In order to get the Raspberry Pi up and running you will need a few essential items...
First of all, you'll need a power supply with a micro USB plug that can supply 5 volts and is rated at 700mA or more. I found that the power supply belonging to my Blackberry phone did the job, but you can buy a suitable power supply from Cut Price Cables.
In order to interact with your Raspberry Pi you will need a USB keyboard, and if you intend to use a graphical user interface (GUI) you'll need a USB mouse as well. I chose a compact keyboard (available from Cut Price Cables) because I wanted to keep the overall size of the system as small as possible, but most USB keyboards (and mice) should work with the Raspberry Pi.
You'll also need to connect your Raspberry Pi to a suitable display, or monitor. The preferred method of connection is via the on-board HDMI output. Most modern flat screen TVs have HDMI inputs so you can simply connect the Raspberry Pi to a suitable TV using a HDMI cable and this has the advantage that it will carry both video and audio. If you wish to use a computer monitor then you'll need one with a DVI input, and use a HDMI to DVI cable (or adapter), however in this case you'll need to use the 3.5mm stereo jack if you require audio output from the Raspberry Pi. A range of HDMI and HDMI to DVI cables (and audio cables if required) are available from Cut Price Cables.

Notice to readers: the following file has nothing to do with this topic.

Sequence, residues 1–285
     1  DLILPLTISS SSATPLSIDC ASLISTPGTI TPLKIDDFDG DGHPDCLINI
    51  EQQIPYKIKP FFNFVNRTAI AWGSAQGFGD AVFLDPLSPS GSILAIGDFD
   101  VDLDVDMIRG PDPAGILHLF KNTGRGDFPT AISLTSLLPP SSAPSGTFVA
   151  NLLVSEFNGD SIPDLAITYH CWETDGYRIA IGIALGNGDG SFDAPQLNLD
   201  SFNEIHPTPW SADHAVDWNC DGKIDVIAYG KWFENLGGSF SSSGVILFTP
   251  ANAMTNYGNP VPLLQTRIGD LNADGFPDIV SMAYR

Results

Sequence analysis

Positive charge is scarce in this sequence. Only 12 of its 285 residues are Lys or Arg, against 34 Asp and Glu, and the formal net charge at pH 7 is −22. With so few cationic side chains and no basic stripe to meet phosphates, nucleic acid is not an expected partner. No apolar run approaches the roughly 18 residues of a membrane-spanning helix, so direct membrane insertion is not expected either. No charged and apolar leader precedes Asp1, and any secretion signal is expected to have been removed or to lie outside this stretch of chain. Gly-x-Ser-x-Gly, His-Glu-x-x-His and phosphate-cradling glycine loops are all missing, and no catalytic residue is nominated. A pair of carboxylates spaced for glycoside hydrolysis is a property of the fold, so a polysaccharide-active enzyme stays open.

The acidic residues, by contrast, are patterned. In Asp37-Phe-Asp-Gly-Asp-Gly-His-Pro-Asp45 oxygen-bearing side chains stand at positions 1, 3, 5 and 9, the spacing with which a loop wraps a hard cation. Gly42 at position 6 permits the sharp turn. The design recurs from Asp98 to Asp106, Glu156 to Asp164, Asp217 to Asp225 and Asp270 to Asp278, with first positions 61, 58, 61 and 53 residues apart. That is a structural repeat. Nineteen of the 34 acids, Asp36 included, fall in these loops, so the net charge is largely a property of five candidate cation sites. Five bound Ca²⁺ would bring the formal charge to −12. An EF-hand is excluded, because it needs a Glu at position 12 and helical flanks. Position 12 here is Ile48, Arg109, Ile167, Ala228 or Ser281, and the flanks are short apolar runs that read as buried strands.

The final essential item you'll need is a SD (or SDHC) memory card containing a boot image of the operating system you want to use. The Raspberry Pi will boot from the memory card and save any applications and data on to it as well. The memory card will need to have a capacity of at least 2GB, but it is recommended that you use a 4GB or larger card to allow space for user data and applications. Ready to use memory cards with a choice of operating systems preinstalled are available from Cut Price Cables but it is reasonably straight forward to prepare your own memory card, and I'll go through the process of how to do this in my next posting.